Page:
THERE are, however, two matters of legitimate concern to Congress and to American citizens that frequently arise in local currency discussions. Since political objectives are of primary concern in our foreign aid policy, it is both legitimate and important that we make what political capital we can from our assistance. And since the chief route to all our objectives in the underdeveloped world is economic growth, we have a deep interest in ensuring that our assistance is reasonably related to economic growth. There is every reason that the citizens of these countries should know about our assistance and, so far as possible, be permitted to see its tangible results.

This does not, however, seem to be the way we go about it. Instead, we make every effort to convince ourselves and everyone else that we are not giving assistance at all but are engaged in a hardheaded program of sales and loans for value received. And we kid ourselves into the belief that with the local currencies we receive from these loans and sales we are in a position to exert great and favorable influence on public opinion and on economic growth.

Why can’t we, it is asked, use our local currency holdings to build a series of up-to-date hospitals throughout southern Asia? This would be tangible evidence for all to see of American concern with the well-being of the downtrodden, a great propaganda gesture. Certainly Asia needs hospitals. But more considerations impinge on a decision of this sort than meet the eye. First, the resources required for the building and equipping of modern hospitals are not all available in most Asian countries. A substantial part of these requirements would have to be imported, and U.S. local currency holdings are, by agreement, not convertible into foreign exchange. Second, although Asia needs hospitals, it needs everything else too, and a large hospital program, desirable as this may be, does not necessarily represent the best use of resources. Third, the construction of hospitals, and of almost everything else, originates a continuous requirement for maintenance and staffing that the host country may be unwilling or unable to assume. Examples are not lacking in Asia and elsewhere of United-States-encouraged enterprises that have fallen into disuse because the receiving country was loath to assume the burden of continued operation.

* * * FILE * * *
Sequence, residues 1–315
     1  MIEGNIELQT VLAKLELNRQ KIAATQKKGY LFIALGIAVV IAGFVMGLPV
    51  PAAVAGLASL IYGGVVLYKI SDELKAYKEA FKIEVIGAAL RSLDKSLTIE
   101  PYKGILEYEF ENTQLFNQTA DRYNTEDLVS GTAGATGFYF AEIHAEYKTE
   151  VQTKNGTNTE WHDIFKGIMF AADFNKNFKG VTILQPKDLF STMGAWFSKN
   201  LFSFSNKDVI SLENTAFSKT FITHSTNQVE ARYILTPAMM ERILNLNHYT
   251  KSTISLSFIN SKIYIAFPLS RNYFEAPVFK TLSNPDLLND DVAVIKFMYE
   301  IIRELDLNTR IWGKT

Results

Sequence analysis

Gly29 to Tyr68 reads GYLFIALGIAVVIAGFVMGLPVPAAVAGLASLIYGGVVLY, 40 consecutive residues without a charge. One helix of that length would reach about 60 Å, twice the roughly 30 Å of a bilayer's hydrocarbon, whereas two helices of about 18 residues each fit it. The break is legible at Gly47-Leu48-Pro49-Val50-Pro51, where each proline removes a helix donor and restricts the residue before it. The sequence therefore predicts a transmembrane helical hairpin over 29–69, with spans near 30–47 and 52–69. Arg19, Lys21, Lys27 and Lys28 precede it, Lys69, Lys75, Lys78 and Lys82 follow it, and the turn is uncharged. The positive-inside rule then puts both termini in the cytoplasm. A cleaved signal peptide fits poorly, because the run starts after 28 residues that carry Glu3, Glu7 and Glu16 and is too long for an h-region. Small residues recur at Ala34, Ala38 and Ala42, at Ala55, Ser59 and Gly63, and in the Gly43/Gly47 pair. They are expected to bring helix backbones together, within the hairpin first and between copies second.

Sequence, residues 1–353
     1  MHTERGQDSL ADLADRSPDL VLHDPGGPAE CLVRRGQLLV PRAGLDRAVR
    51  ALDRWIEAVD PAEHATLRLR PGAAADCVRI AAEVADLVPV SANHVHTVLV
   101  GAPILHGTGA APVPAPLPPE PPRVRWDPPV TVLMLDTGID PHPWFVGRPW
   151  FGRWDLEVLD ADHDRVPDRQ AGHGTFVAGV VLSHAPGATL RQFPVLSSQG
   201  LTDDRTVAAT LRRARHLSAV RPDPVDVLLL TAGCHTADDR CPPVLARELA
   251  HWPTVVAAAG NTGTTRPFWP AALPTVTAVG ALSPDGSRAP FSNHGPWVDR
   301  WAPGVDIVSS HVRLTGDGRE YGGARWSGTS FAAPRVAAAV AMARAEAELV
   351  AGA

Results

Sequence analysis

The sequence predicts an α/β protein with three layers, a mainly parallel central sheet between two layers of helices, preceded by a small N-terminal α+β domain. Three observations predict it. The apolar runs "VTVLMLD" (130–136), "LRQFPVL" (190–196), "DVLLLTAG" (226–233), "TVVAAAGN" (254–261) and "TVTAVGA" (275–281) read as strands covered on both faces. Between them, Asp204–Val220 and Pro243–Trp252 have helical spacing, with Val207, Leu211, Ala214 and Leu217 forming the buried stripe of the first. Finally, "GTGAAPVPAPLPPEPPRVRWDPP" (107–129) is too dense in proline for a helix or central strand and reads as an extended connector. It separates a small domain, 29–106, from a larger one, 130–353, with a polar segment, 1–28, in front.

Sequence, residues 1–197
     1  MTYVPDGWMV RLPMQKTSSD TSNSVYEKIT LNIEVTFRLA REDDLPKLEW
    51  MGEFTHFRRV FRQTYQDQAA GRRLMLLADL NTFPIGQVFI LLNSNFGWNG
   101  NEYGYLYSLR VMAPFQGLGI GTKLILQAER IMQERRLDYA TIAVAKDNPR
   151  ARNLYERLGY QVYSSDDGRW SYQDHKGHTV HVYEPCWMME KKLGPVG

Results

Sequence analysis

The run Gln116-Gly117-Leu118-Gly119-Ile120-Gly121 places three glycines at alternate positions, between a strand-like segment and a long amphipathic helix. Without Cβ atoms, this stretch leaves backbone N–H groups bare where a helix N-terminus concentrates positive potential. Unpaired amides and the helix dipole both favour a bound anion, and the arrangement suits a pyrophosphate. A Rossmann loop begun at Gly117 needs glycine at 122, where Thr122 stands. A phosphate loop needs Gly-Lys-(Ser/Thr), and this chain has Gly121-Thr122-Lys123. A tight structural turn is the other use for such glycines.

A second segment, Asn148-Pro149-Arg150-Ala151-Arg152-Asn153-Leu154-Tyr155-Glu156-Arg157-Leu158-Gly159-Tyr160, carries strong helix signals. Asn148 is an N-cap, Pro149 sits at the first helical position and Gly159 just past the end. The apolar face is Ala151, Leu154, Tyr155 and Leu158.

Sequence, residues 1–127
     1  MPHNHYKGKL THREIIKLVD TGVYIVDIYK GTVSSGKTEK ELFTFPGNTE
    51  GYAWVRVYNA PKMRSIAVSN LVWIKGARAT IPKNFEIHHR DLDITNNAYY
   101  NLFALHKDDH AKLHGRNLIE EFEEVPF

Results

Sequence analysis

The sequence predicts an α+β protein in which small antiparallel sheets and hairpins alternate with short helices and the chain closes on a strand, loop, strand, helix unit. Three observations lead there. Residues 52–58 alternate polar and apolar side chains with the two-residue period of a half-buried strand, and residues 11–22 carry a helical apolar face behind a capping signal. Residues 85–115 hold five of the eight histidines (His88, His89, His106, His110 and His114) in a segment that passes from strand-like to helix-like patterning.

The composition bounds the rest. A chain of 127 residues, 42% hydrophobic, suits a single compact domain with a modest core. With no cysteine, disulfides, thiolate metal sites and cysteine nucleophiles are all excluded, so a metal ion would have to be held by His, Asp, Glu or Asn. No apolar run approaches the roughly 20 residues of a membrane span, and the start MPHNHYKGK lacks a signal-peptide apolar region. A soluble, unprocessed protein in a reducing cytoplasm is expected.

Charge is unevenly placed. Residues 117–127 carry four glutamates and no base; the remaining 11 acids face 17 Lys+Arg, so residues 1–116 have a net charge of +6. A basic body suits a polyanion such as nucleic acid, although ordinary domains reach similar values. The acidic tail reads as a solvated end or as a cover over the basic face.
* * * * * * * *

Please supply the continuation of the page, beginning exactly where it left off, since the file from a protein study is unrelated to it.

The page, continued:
The point of all this is not that the United States should refrain from insisting on a use of its aid which is considered to be politically advantageous to us. But the assistance and the proposed direction of use should be manifested at the time that the host country is receiving something it considers of value. Furthermore, the bargaining position of the United States is likely to be better if our aid is recognized as aid and not disguised as a phony sale. In any case, the occasion on which the United States attempts to lend the receiving country its own currency is not the appropriate time for us to begin to throw our weight around.